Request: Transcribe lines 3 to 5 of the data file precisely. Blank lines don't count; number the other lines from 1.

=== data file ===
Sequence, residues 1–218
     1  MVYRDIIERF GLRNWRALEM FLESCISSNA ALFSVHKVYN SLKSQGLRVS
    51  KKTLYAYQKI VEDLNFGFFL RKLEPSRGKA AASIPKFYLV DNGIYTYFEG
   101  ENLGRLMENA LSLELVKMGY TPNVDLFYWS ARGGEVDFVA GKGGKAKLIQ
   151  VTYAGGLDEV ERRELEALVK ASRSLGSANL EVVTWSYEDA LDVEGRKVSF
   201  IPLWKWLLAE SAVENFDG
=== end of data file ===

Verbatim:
    51  KKTLYAYQKI VEDLNFGFFL RKLEPSRGKA AASIPKFYLV DNGIYTYFEG
   101  ENLGRLMENA LSLELVKMGY TPNVDLFYWS ARGGEVDFVA GKGGKAKLIQ
   151  VTYAGGLDEV ERRELEALVK ASRSLGSANL EVVTWSYEDA LDVEGRKVSF